Volunteers in a study reported lower glucose levels before and after meals after consuming clove extracts (10). Another animal study showed that cloves could moderate blood sugar spikes in diabetic mice (11).
Cloves contain another compound called nigericin, which was found to improve insulin secretion and the health of cells that produce insulin (12). This means that cloves may keep your blood sugar levels in check when taken as a part of a balanced diet.
5. May Improve Liver Health
Eugenol, an antioxidant and anti-inflammatory compound in cloves, can improve liver health. According to one study, the ascorbic acid and beta-sitosterol compounds are cloves that can inhibit hepatic cell proliferation (13).
6. May Promote Bone Health
The hydroalcoholic extract of dried cloves is rich in polyphenols, such as eugenols and eugenol extractives, and can promote bone density (14).
As per some animal studies, the manganese in cloves may help improve bone mineral density and metabolism (15).
7. May Promote Digestive Health
Certain compounds in cloves may help reduce stomach ulcers. The oil from cloves can increase the thickness of gastric mucus, and this protects the stomach lining and prevents peptic ulcers (16).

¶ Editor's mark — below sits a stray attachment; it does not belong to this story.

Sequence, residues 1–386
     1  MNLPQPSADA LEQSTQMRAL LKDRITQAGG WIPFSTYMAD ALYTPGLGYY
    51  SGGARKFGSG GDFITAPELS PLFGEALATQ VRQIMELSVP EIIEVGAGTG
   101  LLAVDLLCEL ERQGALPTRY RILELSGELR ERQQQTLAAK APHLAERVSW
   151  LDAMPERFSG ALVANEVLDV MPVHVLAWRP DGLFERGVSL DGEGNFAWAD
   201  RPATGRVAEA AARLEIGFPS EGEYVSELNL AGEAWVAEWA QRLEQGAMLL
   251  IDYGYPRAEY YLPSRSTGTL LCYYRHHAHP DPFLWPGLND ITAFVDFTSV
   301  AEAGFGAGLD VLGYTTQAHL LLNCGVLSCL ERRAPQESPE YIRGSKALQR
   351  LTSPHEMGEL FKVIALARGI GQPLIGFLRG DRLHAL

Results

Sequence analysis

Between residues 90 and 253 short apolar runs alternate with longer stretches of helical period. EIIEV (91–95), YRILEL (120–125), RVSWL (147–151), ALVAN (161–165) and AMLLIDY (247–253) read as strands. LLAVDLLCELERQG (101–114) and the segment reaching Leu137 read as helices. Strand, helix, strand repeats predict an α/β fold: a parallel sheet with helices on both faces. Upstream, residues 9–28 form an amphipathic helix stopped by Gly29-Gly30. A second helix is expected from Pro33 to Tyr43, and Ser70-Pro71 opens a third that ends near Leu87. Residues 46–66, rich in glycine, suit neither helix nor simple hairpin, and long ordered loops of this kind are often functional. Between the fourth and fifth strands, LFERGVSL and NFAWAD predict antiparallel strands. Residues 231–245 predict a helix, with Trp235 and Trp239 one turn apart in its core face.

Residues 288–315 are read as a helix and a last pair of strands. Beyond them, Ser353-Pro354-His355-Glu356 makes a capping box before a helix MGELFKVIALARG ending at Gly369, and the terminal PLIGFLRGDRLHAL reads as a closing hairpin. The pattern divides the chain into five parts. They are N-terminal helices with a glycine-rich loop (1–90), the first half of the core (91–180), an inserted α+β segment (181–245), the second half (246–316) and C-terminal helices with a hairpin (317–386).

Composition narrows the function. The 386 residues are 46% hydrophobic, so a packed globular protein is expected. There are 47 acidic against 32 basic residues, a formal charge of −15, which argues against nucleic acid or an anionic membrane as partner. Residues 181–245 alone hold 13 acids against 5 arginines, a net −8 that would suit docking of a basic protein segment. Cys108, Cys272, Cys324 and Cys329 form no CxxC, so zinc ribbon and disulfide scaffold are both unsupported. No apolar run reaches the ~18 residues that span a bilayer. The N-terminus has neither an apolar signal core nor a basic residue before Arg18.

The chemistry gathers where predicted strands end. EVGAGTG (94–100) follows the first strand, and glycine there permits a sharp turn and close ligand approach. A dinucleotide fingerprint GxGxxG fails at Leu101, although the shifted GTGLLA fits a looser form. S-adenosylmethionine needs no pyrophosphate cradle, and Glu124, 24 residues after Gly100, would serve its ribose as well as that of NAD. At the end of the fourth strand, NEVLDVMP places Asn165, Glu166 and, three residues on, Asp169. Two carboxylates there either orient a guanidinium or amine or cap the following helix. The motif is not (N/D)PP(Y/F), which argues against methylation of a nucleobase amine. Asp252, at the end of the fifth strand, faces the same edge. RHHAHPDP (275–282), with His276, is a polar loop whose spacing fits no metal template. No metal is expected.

Cloves also contain some fiber (17). This fiber may aid digestion and prevent constipation. However, the effectiveness of clove fiber to achieve the same is yet to be studied.
8. May Aid Weight Loss
Cloves contain natural fatty acid synthesis inhibitors which can reduce body mass. In animal studies, alcohol extracts of clove (AEC) were found to lower lipid accumulation in the liver, abdominal adipose tissue weight, and body weight (18).
However, more studies are required to understand the function of AEC in reducing body weight in humans.
9. May Improve Respiratory Health
This property is especially true for clove oil. The oil can be used for treating asthma (19). The oil soothes the respiratory tract and also has an anti-inflammatory effect. Supplementation with clove oil was found to prevent bacteria from forming colonies in the lungs (20).
You can massage the oil into your chest, sinuses, and the bridge of the nose. As per anecdotal evidence, this may open the breathing passages and provide relief. You can also add the oil (or steep a few cloves) to a glass of warm water and take it as tea. Chewing on a clove bud is also suggested to ease a sore throat.